“As far as I know nobody had ever ventured into that area. You were going into the unknown.”Joss Gosling’s first view of the huge Triple Buttress in March 1951 – Joss said it was “like a Cathedral” what an incredible photo taken by a young man in his early 20’s. He was to spend many days in this corrie on a grim task of recovery of 8 aircrew from his home station at RAF Kinloss. photo Joss Gosling collection.
Joss Gosling’s first view of the huge Triple Buttress in March 1951 – Joss said it was “like a Cathedral” what an incredible photo taken by a young man in his early 20’s. He was to spend many days in this corrie on a grim task of recovery of 8 aircrew from his home station at RAF Kinloss. photo Joss Gosling collection.
At first the team found wreckage before eventually finding bodies near the summit.
Mr Gosling said: “It was the first time I had seen a body. But we were doing a job and got stuck into it.”
Difficulties in recovering all the bodies over several months led to the formation of RAF Mountain Rescue.
Most of the wrecked Lancaster was understood to have been destroyed in a later controlled explosion, but sections of wing and its Rolls Royce Merlin engines remain to this day.
I was lucky to spend some time with the local Torridon and Kinlochewe Mountain Rescue Team when I retired. I love this area it is so wild and this mountain means so much to me. Go and have a look in the corrie you will see wreckage in the Corrie still there after all these years. It is well worth a visit be aware that the gully can be very loose and dangerous where much of the wreckage still is and can be a serious place to be.
Beinn Eighe “The Triple Buttress”
Unseen from the road, the majestic cliffs are hidden by ridges and wild corries.
A long walk in, views expand as we climb, Liathach, brooding watches our progress from afar.
A familiar family of deer by the boulders, they have been there for many years and are friends.
What have they seen?
The views of moor and lochans, waterfalls sparkle in the sun.
At last, the lochan and then Cathedral like, great cliffs glisten in the snow.
Time and weather sculptured, wreckage glints in the sun.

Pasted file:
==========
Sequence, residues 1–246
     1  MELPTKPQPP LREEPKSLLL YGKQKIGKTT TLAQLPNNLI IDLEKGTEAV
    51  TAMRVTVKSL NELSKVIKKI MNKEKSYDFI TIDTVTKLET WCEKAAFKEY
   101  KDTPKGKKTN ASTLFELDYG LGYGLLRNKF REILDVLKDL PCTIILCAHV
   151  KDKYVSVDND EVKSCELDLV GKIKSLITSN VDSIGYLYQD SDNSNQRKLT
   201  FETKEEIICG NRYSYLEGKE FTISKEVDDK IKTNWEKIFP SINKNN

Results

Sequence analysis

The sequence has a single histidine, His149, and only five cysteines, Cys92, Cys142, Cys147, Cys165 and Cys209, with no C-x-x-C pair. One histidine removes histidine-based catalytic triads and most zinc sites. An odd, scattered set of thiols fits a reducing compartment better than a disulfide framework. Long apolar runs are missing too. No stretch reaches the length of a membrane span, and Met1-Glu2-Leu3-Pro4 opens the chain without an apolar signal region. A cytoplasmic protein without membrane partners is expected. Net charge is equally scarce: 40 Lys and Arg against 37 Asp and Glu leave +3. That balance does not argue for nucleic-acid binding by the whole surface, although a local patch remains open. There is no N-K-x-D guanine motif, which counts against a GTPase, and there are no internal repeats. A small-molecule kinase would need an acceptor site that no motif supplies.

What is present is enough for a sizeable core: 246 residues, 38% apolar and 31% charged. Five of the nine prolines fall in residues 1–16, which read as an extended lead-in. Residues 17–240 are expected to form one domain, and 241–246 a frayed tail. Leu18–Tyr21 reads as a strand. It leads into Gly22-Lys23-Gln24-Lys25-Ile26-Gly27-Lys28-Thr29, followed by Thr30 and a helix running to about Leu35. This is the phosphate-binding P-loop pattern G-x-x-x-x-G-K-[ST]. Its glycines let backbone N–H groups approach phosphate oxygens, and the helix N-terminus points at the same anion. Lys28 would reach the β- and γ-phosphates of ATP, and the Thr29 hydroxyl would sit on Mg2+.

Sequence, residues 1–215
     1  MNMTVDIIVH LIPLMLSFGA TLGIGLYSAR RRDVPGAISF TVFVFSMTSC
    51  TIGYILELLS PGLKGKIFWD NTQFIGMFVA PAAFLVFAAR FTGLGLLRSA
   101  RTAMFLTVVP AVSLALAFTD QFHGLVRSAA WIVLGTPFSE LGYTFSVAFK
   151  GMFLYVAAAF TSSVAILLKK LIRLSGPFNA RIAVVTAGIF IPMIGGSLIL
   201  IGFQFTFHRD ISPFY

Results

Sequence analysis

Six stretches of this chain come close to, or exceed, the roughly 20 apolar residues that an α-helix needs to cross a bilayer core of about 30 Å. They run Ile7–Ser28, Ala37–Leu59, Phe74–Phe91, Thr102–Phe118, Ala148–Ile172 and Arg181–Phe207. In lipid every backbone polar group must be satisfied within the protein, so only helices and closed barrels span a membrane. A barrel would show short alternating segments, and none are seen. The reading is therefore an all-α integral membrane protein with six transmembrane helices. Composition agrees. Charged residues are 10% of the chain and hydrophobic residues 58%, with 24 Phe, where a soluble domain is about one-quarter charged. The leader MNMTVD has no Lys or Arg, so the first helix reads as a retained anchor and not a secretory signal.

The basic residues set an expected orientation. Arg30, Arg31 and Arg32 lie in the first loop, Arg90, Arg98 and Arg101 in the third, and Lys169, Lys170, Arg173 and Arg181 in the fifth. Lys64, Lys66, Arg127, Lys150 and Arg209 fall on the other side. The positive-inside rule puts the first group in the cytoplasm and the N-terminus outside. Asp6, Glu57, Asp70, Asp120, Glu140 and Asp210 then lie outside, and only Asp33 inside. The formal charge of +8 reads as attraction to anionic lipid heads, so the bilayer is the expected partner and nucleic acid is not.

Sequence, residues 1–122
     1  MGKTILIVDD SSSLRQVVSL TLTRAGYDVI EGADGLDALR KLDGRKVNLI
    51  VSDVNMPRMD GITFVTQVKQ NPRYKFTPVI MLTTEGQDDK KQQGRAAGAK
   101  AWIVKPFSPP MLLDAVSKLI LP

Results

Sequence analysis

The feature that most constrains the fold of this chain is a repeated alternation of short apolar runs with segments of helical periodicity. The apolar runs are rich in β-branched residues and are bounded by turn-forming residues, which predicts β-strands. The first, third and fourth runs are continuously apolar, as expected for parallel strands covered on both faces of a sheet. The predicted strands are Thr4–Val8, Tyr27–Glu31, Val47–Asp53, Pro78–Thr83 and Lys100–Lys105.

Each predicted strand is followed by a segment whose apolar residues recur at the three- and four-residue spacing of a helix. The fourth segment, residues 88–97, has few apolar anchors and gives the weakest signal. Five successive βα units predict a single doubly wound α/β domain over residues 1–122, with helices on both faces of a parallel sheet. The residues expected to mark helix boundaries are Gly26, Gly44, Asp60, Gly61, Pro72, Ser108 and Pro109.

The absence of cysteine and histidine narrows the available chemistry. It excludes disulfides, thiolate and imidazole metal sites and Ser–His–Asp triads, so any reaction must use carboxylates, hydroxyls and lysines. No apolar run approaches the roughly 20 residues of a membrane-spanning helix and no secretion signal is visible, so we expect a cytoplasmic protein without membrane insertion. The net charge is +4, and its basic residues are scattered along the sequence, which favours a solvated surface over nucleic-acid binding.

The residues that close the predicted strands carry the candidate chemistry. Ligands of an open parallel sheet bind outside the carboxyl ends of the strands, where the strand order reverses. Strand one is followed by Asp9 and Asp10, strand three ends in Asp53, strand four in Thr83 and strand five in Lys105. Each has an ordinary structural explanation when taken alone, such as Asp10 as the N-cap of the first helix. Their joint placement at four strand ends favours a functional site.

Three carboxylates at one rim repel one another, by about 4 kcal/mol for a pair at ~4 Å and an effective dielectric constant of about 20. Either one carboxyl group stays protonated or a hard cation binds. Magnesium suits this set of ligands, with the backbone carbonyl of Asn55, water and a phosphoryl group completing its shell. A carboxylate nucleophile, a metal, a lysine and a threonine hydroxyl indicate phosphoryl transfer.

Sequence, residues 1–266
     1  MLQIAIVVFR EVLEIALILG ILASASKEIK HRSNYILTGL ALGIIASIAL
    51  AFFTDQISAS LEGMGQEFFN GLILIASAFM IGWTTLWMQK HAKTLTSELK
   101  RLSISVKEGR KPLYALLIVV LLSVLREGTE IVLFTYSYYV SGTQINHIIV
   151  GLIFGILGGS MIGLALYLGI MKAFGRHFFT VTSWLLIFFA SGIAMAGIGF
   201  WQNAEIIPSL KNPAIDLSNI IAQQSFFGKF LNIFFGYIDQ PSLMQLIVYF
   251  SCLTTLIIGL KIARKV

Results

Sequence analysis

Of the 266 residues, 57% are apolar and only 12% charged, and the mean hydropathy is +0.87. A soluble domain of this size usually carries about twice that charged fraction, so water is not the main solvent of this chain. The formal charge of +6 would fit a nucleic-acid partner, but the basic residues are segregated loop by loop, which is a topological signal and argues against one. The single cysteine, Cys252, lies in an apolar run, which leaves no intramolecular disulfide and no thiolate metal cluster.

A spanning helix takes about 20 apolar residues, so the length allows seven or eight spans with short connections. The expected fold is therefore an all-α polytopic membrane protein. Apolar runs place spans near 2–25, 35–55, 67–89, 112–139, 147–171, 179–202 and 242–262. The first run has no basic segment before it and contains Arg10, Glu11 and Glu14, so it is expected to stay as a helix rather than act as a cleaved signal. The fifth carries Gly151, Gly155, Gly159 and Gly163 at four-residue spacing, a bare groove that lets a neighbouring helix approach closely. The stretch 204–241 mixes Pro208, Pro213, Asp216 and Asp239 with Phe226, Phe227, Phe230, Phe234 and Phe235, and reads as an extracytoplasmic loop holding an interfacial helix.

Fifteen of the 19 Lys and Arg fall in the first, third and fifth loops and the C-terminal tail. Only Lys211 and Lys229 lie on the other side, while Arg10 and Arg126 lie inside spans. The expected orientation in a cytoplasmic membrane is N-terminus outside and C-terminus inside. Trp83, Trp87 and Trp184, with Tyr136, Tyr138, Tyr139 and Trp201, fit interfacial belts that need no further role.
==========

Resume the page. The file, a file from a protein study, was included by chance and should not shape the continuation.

This is a wonderful poignant place, this Torridonian giant Beinn Eighe.
MUNRO ADVENTURE 2015
DAY 88/89/90( 28/29/30 JULY)
THE 5 LOCH MONAR HILLS
Maoile Lunndaidh (1005m, Munro 128) ‘bare hill of the wet place
Sgurr a’Chaorachain (1053m, Munro 78) ‘peak of the torrent’
Sgurr Choinnich (999m, Munro 139) ‘mossy peak’
Bidean a’Choire Sheasgaich – (945m, Munro 226) ‘pinnacle of the farrow cattle coire’
Lurg Mhor (987m, Munro 161) ‘big shank’
After Mondays hills I headed home as the weather for the next 2 days was going to be rubbish and I was due a rest day after a few long days out recently.
Today’s weather was going to be good so I set off at 6am and headed for Glen Carron but had a wee detour first back up to Loch Droma as I left my poles there on Monday when I came off the hill , no luck they were gone there was always a chance they might have been though.
Penny on the Lurgh Mor Munros!
Arrived at the car park at Craig got the bike ready and set off at 8.50 across the railway line then across the River Carron and a uphill cycle for 3.5 miles where I left it at the end of the path of the descent route. I continued on foot almost as far as Glenuaig Lodge and went cross country to pick up the NE ridge which ended up at the 996m top and a almost level grassy ridge to Maoile Lunndaidh , it was bitterly cold on the tops today and had to put on all available clothing , returned the same way to the 996 point spotting 3 dotterel on route then down the W ridge to the bealach . A steep climb of 500m took me up onto the level ridge just a short distance from Sgurr a’ Chaorachain , all the summits were clear today and visibility was superb even the Cuillin was clear in the far distance . After a short descent and ascent I was on Sgurr Choinnich in no time , I met a few people here one who was doing a bird survey on the summits . The last 2 hills were still a long way off in the distance and a descent to bealach Bhearnais led to a ascent of the Corbett Beinn Tharsuinn which can’t really be avoided , continued over it and down following the dyke to the foot of Bidein a’Choire Sheasgaith (Cheesecake) . It’s a very steep ascent at the start and a very tricky section to thread your way through the crags , I had to help Penny on up on a few occasions and had quite a struggle myself at one very exposed section much worse than anything I came across in Skye!!!. Once that was over it was a good path to the summit . I now headed to one of the most remote hills in Scotland Lurg Mhor but what a place to be on this fine clear day . I had done 19 miles to reach here and only had 10 miles to get back !!!!. First you have go back col between these last 2 hills then descend NE to about 400m contour round the side of the hillside and finally climb back up to the Bealach Bhearnais all on no path. Downhill all the way now and picked up the stalkers path back to where I left my bike and a nice downhill finish back to the van .
This is not exactly a natural round of these hills but a very rewarding feeling on completion.
Today’s totals:28.9mls,2957m ascent,9hrs 23mins.
270 Munros to date. – Another great day in an amazing area – see you next Saturday.